Wharton | Mr. Social Impact CPA
GMAT 740, GPA 3.5
Chicago Booth | Ms. RA For MBA
GMAT 710, GPA 3.80
Stanford GSB | Mr. Economics To Business
GRE 331, GPA 3.99
INSEAD | Mr. Tesla Manager
GMAT 720, GPA 3.7
Foster School of Business | Mr. Tesla Gigafactory
GMAT 720, GPA 3.0
Harvard | Mr. Financial Services
GMAT 750, GPA 3.8
Stanford GSB | Mr. African Entrepreneur
GRE 317, GPA 2.6
Stanford GSB | Mr. Tesla Intern
GMAT 720, GPA 3.9
Berkeley Haas | Mr. Looking To Learn
GMAT 760, GPA 3.0
Wharton | Mr. Infrastructure
GMAT 770, GPA 3.05
Chicago Booth | Mr. Asian Veteran
GRE 315, GPA 3.14
Stanford GSB | Ms. Artistic Engineer
GMAT 730, GPA 9.49/10
Cornell Johnson | Mr. Emporio Armani
GMAT 780, GPA 3.03
Harvard | Mr. Future Gates Foundation
GMAT 720, GPA 7.92
Harvard | Mr. Amazon Manager
GMAT 740, GPA 3.2
Harvard | Mr. MBB Consultant
GMAT 730, GPA 3.9
USC Marshall | Mr. Utilitarian Mobility
GMAT 740, GPA 2.67
McCombs School of Business | Ms. Second Chances
GRE 310, GPA 2.5
Duke Fuqua | Ms. Account Executive
GMAT 560, GPA 3.3
MIT Sloan | Mr. Data Mastermind
GMAT N/A; will be taking in May, GPA 3.6
London Business School | Mr. Aussie Analyst
GMAT 680, GPA 3.3
Darden | Mr. Sustainable Real Estate
GRE SAT 1950 (90th Percentile), GPA 3.7
Stanford GSB | Mr. Entrepreneurial Bassist
GMAT 740, GPA 3.61
Cornell Johnson | Mr. IT To IB
GMAT 660, GPA 3.60
Harvard | Ms. Lucky Charm
GMAT 690, GPA 3.2
Tuck | Ms. Green Biz
GRE 326, GPA 3.15
Harvard | Ms. URM
GRE 325, GPA 3.6

More Business School Admissions Advice You Don’t Want To Hear

There is so much information swirling around about business school admissions that it can be hard to know what to believe. It’s also easy to find advice that supports what you want to hear, which can lead to trouble. In addition to the blind spots that I previously wrote about, here is some more business school admissions advice that you might not want to hear.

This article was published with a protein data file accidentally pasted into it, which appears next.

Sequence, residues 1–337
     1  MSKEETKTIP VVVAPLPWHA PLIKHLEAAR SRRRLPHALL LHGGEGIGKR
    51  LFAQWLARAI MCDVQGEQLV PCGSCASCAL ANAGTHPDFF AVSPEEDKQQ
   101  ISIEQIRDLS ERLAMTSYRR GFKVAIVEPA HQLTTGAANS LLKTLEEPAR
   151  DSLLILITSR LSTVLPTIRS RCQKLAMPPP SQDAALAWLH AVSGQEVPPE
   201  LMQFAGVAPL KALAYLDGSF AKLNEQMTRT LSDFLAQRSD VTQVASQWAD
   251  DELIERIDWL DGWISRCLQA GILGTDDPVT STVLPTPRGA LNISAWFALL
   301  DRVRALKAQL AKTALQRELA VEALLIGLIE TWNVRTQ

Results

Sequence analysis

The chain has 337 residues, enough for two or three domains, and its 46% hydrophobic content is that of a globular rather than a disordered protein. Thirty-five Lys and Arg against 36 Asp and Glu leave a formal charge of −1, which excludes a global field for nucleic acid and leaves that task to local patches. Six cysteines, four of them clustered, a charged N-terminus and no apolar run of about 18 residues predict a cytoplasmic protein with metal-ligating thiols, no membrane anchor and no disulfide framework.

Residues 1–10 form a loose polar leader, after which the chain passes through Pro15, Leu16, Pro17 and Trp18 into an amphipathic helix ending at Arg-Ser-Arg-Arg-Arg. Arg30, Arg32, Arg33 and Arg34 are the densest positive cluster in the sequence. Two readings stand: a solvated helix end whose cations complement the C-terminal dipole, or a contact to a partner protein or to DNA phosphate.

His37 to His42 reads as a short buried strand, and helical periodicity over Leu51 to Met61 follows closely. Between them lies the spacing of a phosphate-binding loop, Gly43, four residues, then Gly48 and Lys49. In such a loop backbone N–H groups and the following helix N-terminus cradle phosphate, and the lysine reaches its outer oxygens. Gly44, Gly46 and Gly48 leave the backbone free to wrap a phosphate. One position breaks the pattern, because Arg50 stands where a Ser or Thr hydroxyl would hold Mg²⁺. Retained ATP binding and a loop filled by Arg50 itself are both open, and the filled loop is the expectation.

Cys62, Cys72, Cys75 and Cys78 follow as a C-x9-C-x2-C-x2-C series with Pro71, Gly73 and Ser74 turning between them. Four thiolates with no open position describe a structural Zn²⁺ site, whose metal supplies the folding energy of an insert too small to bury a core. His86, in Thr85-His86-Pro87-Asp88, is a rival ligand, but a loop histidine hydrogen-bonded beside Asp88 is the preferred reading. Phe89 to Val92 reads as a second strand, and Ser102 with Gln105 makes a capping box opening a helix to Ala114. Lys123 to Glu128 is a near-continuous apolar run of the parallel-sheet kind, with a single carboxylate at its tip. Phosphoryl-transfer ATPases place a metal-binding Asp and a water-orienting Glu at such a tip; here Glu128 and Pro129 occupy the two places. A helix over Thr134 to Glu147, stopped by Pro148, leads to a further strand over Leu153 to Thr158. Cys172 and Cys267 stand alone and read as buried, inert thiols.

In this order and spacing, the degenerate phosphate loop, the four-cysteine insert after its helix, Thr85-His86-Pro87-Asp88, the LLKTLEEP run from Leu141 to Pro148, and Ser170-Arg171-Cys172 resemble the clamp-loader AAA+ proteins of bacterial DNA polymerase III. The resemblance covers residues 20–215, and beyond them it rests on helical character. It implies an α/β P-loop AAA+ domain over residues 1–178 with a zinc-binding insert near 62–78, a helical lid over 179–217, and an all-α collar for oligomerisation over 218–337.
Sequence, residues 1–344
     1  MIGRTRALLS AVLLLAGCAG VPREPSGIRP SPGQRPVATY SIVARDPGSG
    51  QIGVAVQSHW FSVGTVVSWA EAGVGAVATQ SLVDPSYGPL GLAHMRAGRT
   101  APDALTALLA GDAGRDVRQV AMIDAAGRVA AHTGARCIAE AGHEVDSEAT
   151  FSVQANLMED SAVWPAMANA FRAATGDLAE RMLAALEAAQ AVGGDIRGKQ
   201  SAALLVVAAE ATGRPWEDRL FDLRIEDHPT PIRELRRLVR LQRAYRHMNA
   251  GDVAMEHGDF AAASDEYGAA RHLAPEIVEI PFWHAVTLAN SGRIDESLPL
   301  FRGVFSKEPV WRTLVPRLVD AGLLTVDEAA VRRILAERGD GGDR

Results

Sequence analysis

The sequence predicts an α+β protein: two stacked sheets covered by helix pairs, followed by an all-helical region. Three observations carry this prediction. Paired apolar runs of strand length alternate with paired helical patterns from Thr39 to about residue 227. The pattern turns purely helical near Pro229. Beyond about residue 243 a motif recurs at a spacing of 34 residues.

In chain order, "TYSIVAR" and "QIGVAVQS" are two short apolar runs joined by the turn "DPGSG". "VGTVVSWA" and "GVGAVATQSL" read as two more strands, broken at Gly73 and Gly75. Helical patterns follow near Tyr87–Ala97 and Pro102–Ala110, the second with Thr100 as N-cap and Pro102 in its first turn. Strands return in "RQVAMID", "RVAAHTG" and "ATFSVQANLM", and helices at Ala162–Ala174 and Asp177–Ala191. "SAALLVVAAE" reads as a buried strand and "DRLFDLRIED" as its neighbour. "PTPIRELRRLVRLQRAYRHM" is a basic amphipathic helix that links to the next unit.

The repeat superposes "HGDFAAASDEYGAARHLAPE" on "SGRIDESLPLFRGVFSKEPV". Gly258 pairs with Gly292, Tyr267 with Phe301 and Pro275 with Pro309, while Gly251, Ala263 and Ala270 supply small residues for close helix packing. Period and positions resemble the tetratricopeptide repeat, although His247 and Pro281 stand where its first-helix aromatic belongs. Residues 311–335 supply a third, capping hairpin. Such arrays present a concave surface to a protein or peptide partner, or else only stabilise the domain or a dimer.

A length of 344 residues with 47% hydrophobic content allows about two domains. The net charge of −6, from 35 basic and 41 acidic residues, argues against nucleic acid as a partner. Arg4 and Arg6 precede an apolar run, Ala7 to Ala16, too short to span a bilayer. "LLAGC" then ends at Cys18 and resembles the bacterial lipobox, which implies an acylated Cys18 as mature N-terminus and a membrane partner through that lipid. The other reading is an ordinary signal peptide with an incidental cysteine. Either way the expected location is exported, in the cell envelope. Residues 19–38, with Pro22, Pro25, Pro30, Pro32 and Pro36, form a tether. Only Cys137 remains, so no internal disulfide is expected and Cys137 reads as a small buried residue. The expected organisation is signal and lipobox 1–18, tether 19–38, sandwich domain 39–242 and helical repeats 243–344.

• You probably shouldn’t apply third round.

For most people, third round is not the place to be. It’s unbelievably competitive, you need to have an incredibly strong application and under some circumstances it can hurt you to reapply. Yes, some people get in, and I have worked with successful third round candidates. Nevertheless, it’s usually not the right move.

  • Wait listed? Don’t visit uninvited or send tons of unsolicited materials.

This one is really hard for people to hear. There are definitely things that you can do to move the needle when you are wait listed, and those things vary depending upon why you were wait listed in the first place. Demonstrated interest is good, as long as it’s done correctly. However, it WILL backfire if you ignore the school’s rules and cross boundaries. Use good judgment, and even though it can be hard, sometimes the best way to enhance your candidacy is just to wait.

  • Yes, you should interview on campus.

I know that the MBA application process is expensive, long and time consuming. When schools offer you the option of interviewing remotely or locally it can seem like a great plan. If you are really interested in the school, I strongly suggest that you make the effort to go, especially if it’s a school like Wharton or Ross that offers a team-based exercise, or a school like Tuck, Duke or UNC, which offers applicant- initiated interviews.

For all programs it never hurts to go in person – you are demonstrating interest, which reassures them a bit about yield, and it’s easier to credibly articulate your passion for the school in-person. Plus, it’s harder to connect with your interviewer via skype, and alumni interviewers can be erratic. You have already put in a tremendous amount of work to get the interview, why take a chance?

At some level, you probably already know which business school admissions advice makes the most sense for your candidacy. Follow your instincts, find trusted advisors and use the information that’s available to enhance your applications.


Karen has more than 12 years of experience evaluating candidates for admission to Dartmouth College and to the Tuck School of Business at Dartmouth. Since founding North Star Admissions Consulting in 2012, she has helped applicants gain admission to the nation’s top schools, including Stanford, Harvard, Yale, Wharton, MIT, Tuck, Columbia, Kellogg, Booth, Haas, Duke, Johnson, Ross, NYU, UNC, UCLA, Georgetown and more. Over the last three years, clients have been awarded more than 14.2 million dollars in scholarships, and more than 95% have gotten into one of their top choice schools.